Tight End Usage Starkly Declines As Steelers Trail Against Eagles

On Sunday, the Pittsburgh Steelers opened with a 12 personnel look to being their first offensive series. With Jesse James lined up offset to the right of the offensive line and first-year tight end Xavier Grimble serving as the in-line blocker on the left side, though both ran a route after the snap.

That was one of the few times over the course of the game that the Steelers actually utilized the multiple-tight-end set against the Eagles, as Grimble and David Johnson only combined for 13 total snaps during the game, of 60 total snaps, and there were even a couple of snaps over the course of the game in which James was not on the field, after he saw action on every single snap of the first two games.

The reason for this is obvious, of course. Over the course of the first two games of the season, the Steelers regularly and routinely were playing with the lead. At times, they were playing with a two-possession lead, if not three. As a result of this, they spent much of the second half in these two games focusing on running the ball and keeping the clock moving, and they were largely having success in doing so.

On Sunday, they neither had the means, desire, nor opportunity to effectively get the ground game going, as, excluding a seven-yard scramble, the Steelers ran the ball just nine times—single digits—for just 22 yards, choosing rather to throw the ball 44 times, which is understandable considering they spent most of the game trailing, and never with the lead—nor even tied after the first points were scored.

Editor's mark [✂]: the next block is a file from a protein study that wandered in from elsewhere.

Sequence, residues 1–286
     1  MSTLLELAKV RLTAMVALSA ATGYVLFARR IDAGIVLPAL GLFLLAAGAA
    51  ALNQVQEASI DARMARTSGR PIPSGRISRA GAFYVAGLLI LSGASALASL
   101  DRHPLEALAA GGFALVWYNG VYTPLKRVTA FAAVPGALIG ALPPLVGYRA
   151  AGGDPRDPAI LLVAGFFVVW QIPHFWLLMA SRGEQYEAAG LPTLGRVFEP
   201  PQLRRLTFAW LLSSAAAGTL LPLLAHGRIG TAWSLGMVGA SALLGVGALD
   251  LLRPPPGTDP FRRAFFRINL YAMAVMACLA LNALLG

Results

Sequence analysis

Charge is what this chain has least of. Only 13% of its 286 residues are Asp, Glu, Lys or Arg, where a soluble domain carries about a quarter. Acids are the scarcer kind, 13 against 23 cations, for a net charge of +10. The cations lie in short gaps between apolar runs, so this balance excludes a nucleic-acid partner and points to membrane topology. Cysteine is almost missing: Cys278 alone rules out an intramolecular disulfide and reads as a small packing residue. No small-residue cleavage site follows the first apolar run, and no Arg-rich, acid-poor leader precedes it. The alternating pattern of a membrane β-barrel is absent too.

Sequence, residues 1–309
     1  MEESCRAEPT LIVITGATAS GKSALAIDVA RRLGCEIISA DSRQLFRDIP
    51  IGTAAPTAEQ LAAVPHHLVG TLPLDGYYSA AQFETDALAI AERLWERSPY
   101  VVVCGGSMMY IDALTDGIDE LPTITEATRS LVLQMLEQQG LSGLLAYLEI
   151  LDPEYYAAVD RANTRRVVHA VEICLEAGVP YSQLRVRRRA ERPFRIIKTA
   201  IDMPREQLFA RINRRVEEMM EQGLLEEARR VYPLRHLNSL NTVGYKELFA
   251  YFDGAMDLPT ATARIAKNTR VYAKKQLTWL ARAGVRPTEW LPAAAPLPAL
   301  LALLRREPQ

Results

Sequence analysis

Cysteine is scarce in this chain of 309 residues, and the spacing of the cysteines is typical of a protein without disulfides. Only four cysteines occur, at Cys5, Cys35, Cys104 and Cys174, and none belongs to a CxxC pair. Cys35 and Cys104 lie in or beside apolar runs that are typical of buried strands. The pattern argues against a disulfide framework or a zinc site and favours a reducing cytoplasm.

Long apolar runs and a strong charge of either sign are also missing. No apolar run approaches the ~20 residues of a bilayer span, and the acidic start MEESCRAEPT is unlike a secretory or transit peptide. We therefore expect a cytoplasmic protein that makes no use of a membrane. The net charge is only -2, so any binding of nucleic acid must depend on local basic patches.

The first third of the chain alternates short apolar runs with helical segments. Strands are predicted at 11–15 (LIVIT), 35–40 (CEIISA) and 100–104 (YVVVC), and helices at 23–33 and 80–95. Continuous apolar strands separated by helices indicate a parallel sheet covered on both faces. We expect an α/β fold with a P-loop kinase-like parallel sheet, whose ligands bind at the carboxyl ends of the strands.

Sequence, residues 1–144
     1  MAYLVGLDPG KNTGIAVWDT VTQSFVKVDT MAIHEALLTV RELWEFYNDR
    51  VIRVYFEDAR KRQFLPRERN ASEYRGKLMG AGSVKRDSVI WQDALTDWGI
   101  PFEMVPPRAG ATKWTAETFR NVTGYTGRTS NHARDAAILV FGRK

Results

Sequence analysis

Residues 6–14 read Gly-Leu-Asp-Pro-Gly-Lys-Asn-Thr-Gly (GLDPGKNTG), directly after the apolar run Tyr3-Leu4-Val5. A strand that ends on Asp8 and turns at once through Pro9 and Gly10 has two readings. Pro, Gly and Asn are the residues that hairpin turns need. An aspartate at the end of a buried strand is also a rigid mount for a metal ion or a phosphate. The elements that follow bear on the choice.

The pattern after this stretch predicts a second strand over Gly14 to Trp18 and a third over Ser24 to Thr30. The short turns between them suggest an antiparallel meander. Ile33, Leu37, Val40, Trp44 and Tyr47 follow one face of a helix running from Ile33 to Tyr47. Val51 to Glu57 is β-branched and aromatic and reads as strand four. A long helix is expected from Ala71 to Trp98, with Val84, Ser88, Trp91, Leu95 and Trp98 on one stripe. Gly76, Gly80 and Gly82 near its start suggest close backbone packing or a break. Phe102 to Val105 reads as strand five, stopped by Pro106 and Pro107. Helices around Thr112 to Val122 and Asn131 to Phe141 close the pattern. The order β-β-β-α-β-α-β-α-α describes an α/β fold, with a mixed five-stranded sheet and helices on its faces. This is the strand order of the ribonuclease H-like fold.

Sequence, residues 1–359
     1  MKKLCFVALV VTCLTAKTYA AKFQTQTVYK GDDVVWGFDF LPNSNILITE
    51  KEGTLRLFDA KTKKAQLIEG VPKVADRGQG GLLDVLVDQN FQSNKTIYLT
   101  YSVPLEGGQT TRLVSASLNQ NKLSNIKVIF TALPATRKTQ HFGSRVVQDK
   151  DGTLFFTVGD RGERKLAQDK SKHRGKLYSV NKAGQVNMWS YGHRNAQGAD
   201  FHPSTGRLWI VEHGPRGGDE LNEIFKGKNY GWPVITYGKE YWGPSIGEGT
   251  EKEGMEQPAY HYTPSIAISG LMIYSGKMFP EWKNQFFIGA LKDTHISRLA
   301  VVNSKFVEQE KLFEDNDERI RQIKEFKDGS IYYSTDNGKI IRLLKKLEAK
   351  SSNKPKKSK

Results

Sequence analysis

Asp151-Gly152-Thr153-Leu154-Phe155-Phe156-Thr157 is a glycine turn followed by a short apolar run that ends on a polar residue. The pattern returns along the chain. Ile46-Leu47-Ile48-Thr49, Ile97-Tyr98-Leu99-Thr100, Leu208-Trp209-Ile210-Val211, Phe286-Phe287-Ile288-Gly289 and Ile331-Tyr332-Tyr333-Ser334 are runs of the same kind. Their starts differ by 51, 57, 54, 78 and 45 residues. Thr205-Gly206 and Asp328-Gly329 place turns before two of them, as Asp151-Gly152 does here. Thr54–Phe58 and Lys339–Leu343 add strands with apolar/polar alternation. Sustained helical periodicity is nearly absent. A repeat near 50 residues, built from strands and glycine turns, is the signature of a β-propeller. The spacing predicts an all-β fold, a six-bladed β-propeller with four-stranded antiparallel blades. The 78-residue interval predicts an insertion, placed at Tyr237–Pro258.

It was actually the first two plays, and six of the first seven—and eight in total on their opening drive—in which the Steelers used multiple tight ends at the same time, mixing and matching between Grimble and Johnson as the second tight end.

Consider that. More than half of the Steelers’ total instances of the 12 personnel package came on the opening drive, in the first six minutes of the game. And one of those snaps featured three tight ends. It is also interesting to note that on the final play of the drive, Grimble was actually the lone tight end on the field with three wide receivers and a running back as his company.

Of course, the Eagles went on to score a field goal on their first offensive possession. They then scored another touchdown following a five-play Steelers drive, and thus were down by 10 points within the first 13 minutes of the game, so it’s no surprise that the tight ends got little burn thereafter.

Of course, the lack of run-heavy packages did no favors in trying to establish the run, but that is not something that they ever tried, and certainly did not succeed, to do, which is obviously the case when you have a five-to-one ratio of designed passes to runs.

About the Author

Matthew Marczi

Passionate Steelers fan with a bit of writing ability. Connoisseur of loud music. Follow me on Twitter @mmarczi.